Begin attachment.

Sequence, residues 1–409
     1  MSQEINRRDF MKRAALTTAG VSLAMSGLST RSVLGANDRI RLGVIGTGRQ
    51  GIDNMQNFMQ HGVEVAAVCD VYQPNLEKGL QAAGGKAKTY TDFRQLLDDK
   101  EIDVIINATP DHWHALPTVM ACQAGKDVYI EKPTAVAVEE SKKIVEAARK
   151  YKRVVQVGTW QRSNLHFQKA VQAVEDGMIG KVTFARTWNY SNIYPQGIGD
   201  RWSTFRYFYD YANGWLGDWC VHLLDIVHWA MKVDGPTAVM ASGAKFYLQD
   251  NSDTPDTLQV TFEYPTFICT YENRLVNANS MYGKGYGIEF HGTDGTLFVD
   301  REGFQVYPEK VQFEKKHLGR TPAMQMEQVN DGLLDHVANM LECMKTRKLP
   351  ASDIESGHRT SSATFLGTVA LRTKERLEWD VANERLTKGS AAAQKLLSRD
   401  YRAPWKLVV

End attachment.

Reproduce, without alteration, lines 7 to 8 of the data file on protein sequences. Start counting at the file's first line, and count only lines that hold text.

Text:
   251  NSDTPDTLQV TFEYPTFICT YENRLVNANS MYGKGYGIEF HGTDGTLFVD
   301  REGFQVYPEK VQFEKKHLGR TPAMQMEQVN DGLLDHVANM LECMKTRKLP